Having a grandchild on the autism spectrum

Going out

Many grandparents talked about the difficulties that could arise when they went out in public with their grandchildren. This was frequently because the general public often don't recognise the characteristics of autism spectrum disorders and assume that their grandchildren’s behaviour was ‘naughty’ or needed some intervention. The grandchildren could become very distressed in public as they were sensitive to some types of lighting or sound, or disliked going to unfamiliar places. While the grandparents could understand why their grandchildren sometimes found going out difficult, they didn’t want their grandchildren to become isolated and so found ways of managing outings.
“People look on in slight amazement and bewilderment” 
Many grandparents had experience of people gawping at them when they were out with their grandchildren. People would stare, tut or sometimes pass comment. One grandparent lived in a county where there were a lot of people with learning difficulties, so people were used to different behaviour and this made going out easier. Others too recounted some positive experiences in public and had hadn’t felt bothered by other people. One person explained how her daughter’s local supermarket was always particularly helpful when she was out shopping with her children.
Some of the things the grandchildren did in public were described as embarrassing by some grandparents. These included taking their clothes off, “getting tangled up with other people”, mimicking people or children, touching other people or having a “meltdown”. Meltdowns happen when the children become very distressed, often because of a change in routine, unfamiliar places, sounds, smells or lights. (see ‘Fears, anxieties, sensory issues and meltdowns’). A few grandparents said that other siblings could become distressed or embarrassed by their brother’s or sister’s behaviour, or other people’s responses to it, when they were out (see our section on the experiences of ‘Siblings’).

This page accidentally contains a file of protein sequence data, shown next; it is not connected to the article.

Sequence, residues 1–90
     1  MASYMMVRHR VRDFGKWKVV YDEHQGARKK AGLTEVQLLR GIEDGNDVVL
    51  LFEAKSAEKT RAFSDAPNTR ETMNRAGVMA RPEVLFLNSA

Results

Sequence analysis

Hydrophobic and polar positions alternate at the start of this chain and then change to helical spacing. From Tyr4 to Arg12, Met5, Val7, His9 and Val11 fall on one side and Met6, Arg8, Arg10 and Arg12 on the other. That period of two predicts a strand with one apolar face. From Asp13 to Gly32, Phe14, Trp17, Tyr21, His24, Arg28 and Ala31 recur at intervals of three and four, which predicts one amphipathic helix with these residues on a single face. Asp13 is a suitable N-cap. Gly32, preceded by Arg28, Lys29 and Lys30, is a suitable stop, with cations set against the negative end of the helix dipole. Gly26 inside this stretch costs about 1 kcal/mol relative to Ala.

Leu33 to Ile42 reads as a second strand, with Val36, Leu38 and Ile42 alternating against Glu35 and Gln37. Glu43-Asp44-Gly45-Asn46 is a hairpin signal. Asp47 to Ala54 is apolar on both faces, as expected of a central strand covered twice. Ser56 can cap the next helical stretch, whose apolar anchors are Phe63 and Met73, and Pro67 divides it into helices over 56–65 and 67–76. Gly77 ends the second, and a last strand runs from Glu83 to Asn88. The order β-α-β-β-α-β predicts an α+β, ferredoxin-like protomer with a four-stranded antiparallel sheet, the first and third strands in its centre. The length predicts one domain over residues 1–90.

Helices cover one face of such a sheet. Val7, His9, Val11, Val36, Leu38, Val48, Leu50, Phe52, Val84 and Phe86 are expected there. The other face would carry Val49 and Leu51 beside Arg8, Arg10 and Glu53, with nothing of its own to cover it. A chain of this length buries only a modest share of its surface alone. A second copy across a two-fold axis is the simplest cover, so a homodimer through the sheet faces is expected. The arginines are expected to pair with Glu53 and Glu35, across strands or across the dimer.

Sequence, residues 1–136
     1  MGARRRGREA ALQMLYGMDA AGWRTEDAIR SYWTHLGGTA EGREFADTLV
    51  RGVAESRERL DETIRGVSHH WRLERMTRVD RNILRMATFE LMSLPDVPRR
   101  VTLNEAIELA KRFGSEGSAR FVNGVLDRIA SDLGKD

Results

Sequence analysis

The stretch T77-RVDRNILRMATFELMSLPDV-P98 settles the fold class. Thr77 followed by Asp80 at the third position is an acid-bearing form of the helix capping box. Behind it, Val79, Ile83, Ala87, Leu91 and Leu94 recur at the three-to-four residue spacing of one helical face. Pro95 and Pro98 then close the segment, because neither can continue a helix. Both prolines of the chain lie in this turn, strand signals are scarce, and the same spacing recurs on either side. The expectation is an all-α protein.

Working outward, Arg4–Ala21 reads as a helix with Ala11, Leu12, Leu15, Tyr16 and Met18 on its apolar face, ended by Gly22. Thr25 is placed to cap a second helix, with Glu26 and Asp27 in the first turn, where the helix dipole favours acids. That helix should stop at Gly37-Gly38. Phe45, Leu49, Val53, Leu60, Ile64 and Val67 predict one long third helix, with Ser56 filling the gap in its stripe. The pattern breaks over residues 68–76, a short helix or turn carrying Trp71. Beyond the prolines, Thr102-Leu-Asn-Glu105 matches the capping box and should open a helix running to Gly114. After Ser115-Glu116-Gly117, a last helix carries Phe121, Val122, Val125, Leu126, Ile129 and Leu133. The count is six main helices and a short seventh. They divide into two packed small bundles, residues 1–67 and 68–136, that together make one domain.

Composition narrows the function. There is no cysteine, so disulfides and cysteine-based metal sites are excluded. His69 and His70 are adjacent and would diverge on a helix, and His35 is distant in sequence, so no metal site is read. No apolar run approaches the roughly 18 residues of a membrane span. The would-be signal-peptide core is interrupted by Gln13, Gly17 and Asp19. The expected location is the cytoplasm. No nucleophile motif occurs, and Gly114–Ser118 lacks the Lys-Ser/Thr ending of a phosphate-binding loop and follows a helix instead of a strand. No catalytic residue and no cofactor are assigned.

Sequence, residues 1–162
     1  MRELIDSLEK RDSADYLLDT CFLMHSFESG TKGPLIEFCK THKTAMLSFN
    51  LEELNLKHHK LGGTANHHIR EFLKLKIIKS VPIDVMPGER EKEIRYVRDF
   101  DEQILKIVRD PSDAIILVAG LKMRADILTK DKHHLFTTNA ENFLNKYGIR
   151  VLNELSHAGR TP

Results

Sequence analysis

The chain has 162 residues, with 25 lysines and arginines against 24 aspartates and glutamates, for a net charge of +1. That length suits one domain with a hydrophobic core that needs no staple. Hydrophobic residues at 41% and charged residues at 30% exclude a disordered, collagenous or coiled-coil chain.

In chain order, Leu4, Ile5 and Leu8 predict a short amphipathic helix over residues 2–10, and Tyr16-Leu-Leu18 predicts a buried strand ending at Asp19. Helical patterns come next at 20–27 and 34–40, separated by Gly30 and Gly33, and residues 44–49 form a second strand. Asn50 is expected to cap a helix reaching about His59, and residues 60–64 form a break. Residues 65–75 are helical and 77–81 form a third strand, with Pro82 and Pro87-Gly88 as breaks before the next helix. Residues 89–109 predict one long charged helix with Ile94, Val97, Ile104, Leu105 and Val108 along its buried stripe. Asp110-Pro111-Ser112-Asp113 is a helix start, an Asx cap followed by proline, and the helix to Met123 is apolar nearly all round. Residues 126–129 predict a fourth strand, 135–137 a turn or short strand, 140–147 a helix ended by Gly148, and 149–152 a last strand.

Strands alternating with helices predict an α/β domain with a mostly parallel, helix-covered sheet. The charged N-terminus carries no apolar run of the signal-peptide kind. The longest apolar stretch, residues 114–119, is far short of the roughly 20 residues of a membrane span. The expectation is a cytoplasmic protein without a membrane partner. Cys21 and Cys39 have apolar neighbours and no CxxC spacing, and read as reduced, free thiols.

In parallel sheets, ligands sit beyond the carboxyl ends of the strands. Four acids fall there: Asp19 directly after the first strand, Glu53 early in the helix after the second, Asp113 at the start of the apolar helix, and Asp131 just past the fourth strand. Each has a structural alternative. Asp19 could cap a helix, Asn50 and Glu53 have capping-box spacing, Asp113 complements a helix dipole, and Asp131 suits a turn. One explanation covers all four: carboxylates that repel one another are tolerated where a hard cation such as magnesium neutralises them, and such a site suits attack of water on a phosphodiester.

In addition to unusual behaviours, many of the grandchildren had little or no sense of danger and would run off or talk to people they didn’t know. This was worrying for grandparents who said how vigilant they had to be when they were out. Some children could unwillingly put themselves, or others, at risk by running to the street or trying to jump off walls. One grandparent said of their grandchild “there are no dangers in his world”.
Part of the difficulty for the grandparents was that they couldn’t stop their grandchildren doing these things. For example, once the children became distressed it was very difficult to console them.
One grandmother found the techniques of Applied Behaviour Analysis (ABA) helpful (see ‘Therapies’ ). For example, she and her daughter helped her granddaughter overcome her intense dislike of the noise of hand dryers in public toilets using the ABA approach of breaking tasks down into very small pieces. She also found cards produced by the NAS helpful. These cards stated that the child was autistic and this was why their behaviour may appear to be unusual. Several grandparents said that they just got used to going out and tended to become more resilient to people looking or saying things. A couple of people had positive experiences of special party venues or holiday camps for children with special needs.
“It can become an overwhelming task” 
One of the ways in which grandparents managed going out was to research and plan trips thoroughly. While this could be an effective strategy, a few grandparents reflected on the way in which they, or their children, could not go out spontaneously like many families. In addition to preparing their grandchildren for an outing by explaining exactly what they were going to be doing, choosing the outing in the first place could be hard, particularly if they were taking more than one grandchild. One person said that she didn’t go to “posh places” with her grandsons, but found that garden centres were “full up with people with wheelchairs and learning disabilities”.
Those grandparents with two grandchildren on the spectrum found going out particularly difficult and said that they were unable to manage taking them out on their own. They said that they often accompanied their children on outings for the same reason. Other people also said that their grandchildren needed the support of two adults when they went out. Despite their best efforts to manage going out, some people did feel that the children’s social life was limited and they felt saddened that their grandchildren didn’t get invited to parties or that big family get-togethers were impossible.
Last reviewed August 2018.
Last updated May 2015.

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